What I loved best about this book was how Shweta and Nikhil's shared background gave nuance to their present, developing relationship. They each have such respect for the people they've each grown up to be, primarily because they know each other's backgrounds and because they know how far they've each come since childhood. This made me trust that their relationship could be successful, because they had that trust, respect, and understanding. One of my favorite background details was that Shweta, when she was a blunt and practical little girl, was the first person to make Nikhil realize how unusual his family situation was:
"I resented you for a long time, you know," he said quietly after handing her the glass. "That's why I used to give you a hard time. You were the first person who made me realise there was something wrong with my family."
"Me?" Shweta's voice was incredulous. "What did I do?"
"You asked me who my real mother was," he said. "I told you that both of them were my moms, but you said, 'Whose tummy did you live in before you were born?' Until then I think I'd believed implicitly in the 'babies are a gift from God' story. So it was a revelation in more ways than one."
"I don't even remember," Shweta said remorsefully. "But I can quite imagine myself saying that. I went around once telling the whole class that Santa Claus didn't exist--some of the kids actually started crying."
"Now, that I don't remember," he said, and the smile was back in his voice. "Maybe I got off lightly, then."
"I thought it was very unfair," she said after a brief pause.
Nikhil raised his eyebrows. "What was? No Santa Claus?"
"You having two moms when I didn't have even one," she said.
The romantic arc is a straightforward and conventional one, and I did long for some more emotional complexity to both Shweta and Nikhil, but in such a short book, Narayanan did manage to find ways to make Shweta, Nikhil, and their love unique....more
What I found most interesting about my experience reading The Best of All Possible Worlds was that it was entirely possible to read it as a romance. NWhat I found most interesting about my experience reading The Best of All Possible Worlds was that it was entirely possible to read it as a romance. Not just as romantic science fiction or science fiction with romantic elements, but as a genre romance, period dot full stop: the romantic arc extended throughout the book and the romance directly tied into the character development and the plot. And given the episodic nature of the book, the romance shared equal billing with the worldbuilding as the book's points of focus.
I did enjoy TBOAPW, not just because it was science fiction AND romance, but because the worldbuilding was often SO COOL. Anthropological science fiction is so much fun to read, so much fun to think about, and TBOAPW spends a lot of time investigating all sorts of creative cultural mixes. The existence of psionic, telepathic, empathic powers, and how this affected things ranging from relationships to theater, was all very interesting. The idea of a planet built by and devoted to refugees of the universe's greatest disasters (guided by the mysterious Caretakers) is SO COOL, and I love how Lord ran with developing all these ideas and concepts. However, this was also a place where I felt like I wanted something different from what the book wanted to do, though: it has a very episodic plot (at this place, we did this and this happened; we traveled to the next place, where that happened and this happened--and yes, I know, Candide is probably on one of the book's influences, up there with Pride and Prejudice and probably The Left Hand of Darkness and Star Trek), which meant there was a lot of coverage in a diverse range of cultural and scientific and societal stuff, which was all fun to read, but the events of the story often just felt so disconnected from one another. It was good that the romance arc was interwoven from the very beginning: the tension and gradual trust involved in the slowly budding relationship between the protagonists really helped hold the book together for me.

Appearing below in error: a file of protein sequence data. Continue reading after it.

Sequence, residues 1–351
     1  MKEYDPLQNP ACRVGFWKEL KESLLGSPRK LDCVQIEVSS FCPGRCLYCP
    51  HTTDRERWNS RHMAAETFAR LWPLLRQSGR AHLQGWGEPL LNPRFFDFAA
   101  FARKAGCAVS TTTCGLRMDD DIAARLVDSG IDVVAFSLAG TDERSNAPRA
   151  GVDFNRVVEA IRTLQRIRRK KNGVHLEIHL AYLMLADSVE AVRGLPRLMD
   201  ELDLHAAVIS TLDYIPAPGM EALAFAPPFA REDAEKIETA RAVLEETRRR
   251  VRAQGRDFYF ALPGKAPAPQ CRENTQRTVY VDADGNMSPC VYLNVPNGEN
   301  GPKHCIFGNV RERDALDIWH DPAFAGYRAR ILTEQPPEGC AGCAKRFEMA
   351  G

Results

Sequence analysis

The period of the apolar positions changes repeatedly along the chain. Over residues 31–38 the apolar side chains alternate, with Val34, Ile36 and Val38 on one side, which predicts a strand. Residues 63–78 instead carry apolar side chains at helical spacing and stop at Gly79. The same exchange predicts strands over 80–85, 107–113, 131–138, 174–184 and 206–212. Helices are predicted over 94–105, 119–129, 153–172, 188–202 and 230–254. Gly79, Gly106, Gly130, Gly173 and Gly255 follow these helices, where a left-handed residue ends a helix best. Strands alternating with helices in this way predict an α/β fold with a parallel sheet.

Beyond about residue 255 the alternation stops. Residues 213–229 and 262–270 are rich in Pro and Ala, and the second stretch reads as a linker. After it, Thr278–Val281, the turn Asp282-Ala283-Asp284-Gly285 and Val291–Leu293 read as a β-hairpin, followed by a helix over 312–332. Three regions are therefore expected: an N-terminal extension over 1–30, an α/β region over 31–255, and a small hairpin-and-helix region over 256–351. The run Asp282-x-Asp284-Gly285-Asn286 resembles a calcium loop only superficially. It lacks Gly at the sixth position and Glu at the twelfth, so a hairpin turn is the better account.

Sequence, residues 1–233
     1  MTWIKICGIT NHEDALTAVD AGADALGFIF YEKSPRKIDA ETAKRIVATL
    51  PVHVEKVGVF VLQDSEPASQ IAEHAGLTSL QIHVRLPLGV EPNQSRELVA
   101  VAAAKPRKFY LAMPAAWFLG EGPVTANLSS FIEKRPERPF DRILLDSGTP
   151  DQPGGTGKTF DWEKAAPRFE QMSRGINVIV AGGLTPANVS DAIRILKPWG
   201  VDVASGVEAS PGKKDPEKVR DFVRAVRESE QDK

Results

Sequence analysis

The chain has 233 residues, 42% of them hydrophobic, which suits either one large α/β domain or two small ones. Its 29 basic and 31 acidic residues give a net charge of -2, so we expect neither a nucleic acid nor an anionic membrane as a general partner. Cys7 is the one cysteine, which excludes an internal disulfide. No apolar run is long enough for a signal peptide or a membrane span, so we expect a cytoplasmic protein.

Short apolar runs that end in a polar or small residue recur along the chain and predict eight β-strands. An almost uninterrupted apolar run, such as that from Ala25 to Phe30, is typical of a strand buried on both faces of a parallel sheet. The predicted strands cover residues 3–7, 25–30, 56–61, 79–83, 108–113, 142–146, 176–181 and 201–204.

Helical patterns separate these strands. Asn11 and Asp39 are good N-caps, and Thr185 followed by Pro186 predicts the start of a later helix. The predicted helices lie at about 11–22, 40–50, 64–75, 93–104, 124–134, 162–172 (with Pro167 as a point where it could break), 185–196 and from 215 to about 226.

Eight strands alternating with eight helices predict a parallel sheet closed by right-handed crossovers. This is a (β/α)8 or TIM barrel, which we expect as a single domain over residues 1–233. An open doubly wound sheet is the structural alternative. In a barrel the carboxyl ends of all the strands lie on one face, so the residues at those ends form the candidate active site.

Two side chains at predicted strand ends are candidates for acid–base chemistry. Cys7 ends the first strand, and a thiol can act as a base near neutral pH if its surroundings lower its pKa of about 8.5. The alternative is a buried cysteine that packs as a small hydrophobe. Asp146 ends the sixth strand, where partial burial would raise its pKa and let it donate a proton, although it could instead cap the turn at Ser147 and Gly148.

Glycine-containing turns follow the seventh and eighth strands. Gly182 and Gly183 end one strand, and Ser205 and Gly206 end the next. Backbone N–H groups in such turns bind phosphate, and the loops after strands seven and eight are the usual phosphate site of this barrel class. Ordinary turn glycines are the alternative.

The tone was another one of my stumbling blocks to loving TBOAPW more than I did. The majority of the book is first-person and chatty, and that's a stylistic technique and tone especially neat to see employed in a science fiction novel. Because the book's plot was so episodic, this first-person journal-ish kind of account worked. But, man, did it sometimes feel limited, especially when I wanted to know more about the Sadiri, or when I was annoyed by the jarring nature of how progressive the book seemed to want to be (for example, fantastic representation of all sorts of women of all ages--pretty essential when the Societal/Cutural Need To Procure Women To Breed With is a major part of the plot motivation for the characters--as well as normalized representations of polyamory) but how in practice, the ways the book fell sort of actual progressiveness annoyed me (there's a character, Lian, who is registered as "gender-neutral," but Delarua makes what was probably supposed to be a chatty [but I found obnoxious] comment about hugging them and knowing what they actually "are" but isn't going to tell the readers, and then there's the weird narrative assumption that because they're gender-neutral, Lian is also asexual/aromantic; and omg I'm going to sound like a total fucking bore here, but there was not enough interrogation of the assumed gender binary and gender roles and heteronormativity and that kind of stuff when, as stated above, the Need For Women To Breed With is the important, motivating force in the narrative). The book takes pains to show how women weren't just need for their reproductive abilities but also as part of cultural/societal reparation, but there was just such an uninterrogated oldfashionedness and conventionality to i, all the same. I mean, this fits in with it being a romance novel, upholding the courtship narrative and heterosexual pairbonding for the good of the community and all (and I'm not criticizing it FOR that, because…well, I have a GoodReads library that demonstrates that I mostly read romances involving heterosexual pairbondings ANYWAY; I'm criticizing how little examination the narrative devoted to this, when it seems like this kind of planet, with so much diversity in just about EVERYTHING, would have plenty to interrogate about it).